This Lullaby (by Sarah Dessen)

18 07 2012

This is only the cat’s third Sarah Dessen, and after the initial hiccups of Someone Like You and the absolute eye-opener The Truth About Forever, I have a sneaky suspicion that any Sarah Dessen book will probably feel like coming home from now on. By now, Sarah Dessen feels like a writer who could become an author for all seasons. Not because of the super-exciting nature of the stories she tells, but because of the truly enjoyable writing style and the recognizable protagonists which are always fleshed out to a T.

In This Lullaby, the voice is that of Remy Starr, who at the age of 18 has already given up on love as an absolute,… I guess with a mother who’s at her 5th marriage and a father she has never seen, most 18-year-olds would be as skeptic about love as she is. The lullaby of the title is the only thing Remy has left of her dead father: a hit single all those years ago, the type of song you hear covered (badly) at weddings, or which you hear on the radio and feel slightly nostalgic about. In the summer between the end of high school and the beginning of a new life at Stanford, Remy meets Dexter, the messy musician who will shake things up for her. The question of this in-between time is whether Dexter will just be another guy for Remy, someone who she can turn away the moment things might get serious, or whether the girl who hates people smoking or eating in her car, will buy plastic ware for a boy.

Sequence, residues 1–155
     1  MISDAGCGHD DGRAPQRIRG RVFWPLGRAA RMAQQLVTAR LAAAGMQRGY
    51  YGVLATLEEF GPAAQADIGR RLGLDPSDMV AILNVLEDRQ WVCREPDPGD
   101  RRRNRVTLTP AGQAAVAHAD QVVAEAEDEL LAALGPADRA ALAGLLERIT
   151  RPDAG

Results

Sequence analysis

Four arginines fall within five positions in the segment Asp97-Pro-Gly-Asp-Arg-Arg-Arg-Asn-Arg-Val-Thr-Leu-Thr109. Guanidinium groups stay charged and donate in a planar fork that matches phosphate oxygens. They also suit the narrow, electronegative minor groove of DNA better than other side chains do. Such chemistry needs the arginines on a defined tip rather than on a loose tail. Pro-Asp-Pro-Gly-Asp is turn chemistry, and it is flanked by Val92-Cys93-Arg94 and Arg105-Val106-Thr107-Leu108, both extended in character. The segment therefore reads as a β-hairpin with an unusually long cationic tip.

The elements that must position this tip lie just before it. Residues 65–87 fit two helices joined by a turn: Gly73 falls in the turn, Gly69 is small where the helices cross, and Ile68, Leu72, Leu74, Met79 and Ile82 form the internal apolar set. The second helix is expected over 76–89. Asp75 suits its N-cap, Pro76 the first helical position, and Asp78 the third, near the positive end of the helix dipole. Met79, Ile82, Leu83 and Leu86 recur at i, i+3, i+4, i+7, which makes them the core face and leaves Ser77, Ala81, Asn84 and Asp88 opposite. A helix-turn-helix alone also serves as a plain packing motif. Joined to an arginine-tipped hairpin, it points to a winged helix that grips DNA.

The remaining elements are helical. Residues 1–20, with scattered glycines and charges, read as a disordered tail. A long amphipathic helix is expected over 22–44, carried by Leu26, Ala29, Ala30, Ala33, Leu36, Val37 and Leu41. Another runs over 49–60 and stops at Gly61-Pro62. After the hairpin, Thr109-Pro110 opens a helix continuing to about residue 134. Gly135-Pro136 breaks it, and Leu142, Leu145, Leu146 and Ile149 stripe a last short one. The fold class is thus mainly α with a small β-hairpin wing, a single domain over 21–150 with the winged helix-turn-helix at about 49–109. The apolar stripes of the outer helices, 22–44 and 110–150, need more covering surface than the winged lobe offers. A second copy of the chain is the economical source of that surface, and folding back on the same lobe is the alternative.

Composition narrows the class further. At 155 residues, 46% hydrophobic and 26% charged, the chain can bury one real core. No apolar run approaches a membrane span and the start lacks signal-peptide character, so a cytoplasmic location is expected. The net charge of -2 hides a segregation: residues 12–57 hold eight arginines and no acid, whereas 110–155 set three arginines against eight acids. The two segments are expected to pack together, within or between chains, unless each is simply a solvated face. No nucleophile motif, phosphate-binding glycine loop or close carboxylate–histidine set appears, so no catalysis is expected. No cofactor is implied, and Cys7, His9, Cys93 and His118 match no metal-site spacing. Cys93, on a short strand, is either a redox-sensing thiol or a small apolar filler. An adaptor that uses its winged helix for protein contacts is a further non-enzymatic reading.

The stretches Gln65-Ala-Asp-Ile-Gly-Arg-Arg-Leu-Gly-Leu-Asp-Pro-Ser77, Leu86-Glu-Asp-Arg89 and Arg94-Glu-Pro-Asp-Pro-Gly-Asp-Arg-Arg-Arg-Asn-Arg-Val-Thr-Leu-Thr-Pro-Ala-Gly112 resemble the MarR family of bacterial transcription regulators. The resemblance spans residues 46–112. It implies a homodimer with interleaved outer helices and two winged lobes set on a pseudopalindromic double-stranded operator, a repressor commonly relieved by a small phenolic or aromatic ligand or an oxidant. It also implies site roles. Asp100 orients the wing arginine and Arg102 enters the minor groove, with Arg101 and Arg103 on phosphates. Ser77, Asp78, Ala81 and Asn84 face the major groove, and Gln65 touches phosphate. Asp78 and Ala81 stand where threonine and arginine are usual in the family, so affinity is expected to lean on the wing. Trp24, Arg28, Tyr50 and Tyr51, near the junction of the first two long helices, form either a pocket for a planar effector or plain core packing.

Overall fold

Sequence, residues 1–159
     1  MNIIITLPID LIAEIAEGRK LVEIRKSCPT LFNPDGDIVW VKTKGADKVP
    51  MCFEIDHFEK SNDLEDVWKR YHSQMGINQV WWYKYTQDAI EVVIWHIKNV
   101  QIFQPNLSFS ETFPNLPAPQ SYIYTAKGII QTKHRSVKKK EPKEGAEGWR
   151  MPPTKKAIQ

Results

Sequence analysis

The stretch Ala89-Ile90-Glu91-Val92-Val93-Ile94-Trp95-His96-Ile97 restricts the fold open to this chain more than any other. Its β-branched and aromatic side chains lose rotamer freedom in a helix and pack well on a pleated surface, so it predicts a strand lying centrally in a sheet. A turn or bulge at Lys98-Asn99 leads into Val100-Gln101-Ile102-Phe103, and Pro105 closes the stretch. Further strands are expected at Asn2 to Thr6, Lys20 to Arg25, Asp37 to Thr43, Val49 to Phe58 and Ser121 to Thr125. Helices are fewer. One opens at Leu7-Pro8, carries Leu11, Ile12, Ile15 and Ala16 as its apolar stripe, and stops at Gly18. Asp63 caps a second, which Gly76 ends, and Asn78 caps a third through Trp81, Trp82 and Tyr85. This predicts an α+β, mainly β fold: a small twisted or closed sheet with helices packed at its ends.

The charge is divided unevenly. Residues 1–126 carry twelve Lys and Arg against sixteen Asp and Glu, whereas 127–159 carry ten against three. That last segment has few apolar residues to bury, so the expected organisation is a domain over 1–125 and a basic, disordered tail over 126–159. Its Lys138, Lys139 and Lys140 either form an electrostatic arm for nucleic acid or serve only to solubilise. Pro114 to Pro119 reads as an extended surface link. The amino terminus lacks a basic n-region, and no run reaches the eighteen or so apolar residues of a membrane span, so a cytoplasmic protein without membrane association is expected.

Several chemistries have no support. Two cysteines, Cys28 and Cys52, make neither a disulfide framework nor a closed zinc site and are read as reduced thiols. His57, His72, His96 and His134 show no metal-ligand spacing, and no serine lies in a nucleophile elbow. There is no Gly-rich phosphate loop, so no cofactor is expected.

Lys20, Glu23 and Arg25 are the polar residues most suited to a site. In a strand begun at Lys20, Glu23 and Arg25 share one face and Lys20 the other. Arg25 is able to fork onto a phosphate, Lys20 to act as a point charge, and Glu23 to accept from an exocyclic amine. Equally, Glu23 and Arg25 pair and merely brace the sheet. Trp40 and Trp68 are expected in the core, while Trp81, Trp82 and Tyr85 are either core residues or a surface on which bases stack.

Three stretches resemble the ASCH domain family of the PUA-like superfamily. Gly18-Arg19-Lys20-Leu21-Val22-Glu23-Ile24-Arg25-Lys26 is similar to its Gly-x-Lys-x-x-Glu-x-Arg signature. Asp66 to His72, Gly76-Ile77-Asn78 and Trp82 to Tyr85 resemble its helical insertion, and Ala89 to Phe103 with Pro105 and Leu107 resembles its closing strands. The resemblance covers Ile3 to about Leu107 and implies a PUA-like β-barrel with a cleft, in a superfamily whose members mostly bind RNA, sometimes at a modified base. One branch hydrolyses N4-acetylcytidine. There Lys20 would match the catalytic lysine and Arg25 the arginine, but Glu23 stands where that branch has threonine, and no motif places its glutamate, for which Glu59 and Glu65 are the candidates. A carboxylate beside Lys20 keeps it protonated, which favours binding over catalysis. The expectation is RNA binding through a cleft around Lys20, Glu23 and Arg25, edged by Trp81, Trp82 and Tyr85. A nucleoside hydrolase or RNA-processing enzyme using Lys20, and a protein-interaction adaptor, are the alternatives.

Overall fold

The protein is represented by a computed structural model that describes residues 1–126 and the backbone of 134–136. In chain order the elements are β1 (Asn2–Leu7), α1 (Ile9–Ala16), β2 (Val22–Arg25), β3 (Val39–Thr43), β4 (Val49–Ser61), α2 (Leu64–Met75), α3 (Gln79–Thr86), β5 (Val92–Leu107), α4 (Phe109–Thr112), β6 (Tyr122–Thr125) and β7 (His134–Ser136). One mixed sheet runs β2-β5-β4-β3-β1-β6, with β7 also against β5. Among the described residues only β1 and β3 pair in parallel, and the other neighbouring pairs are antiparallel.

The big issues of a Sarah Dessen story are never about open-heart surgery or medieval basket weaving, but rather about the things close to home and close to your heart: relationships with family and friends, commitment, the fear and/or the lack thereof, overcoming your fears. Again, one of the oldest topics imaginable, but Dessen always does this with a narrative flair which is smart and honest, yet also has the necessary wit, so it never feels depressing nor corny or sentimental.

Writing believable, complicated heroines, with a strong voice and a mind of their own. Not forgetting about the minor characters in your stories. Language and dialogues that have a natural flow.  The assessment of Sarah Dessen as a contemporary Jane Austen isn’t that far-fetched I would think. In any case, one should always have a Sarah Dessen book on the side, you never know when it might rain, or snow, or when the sun might shine, or when…

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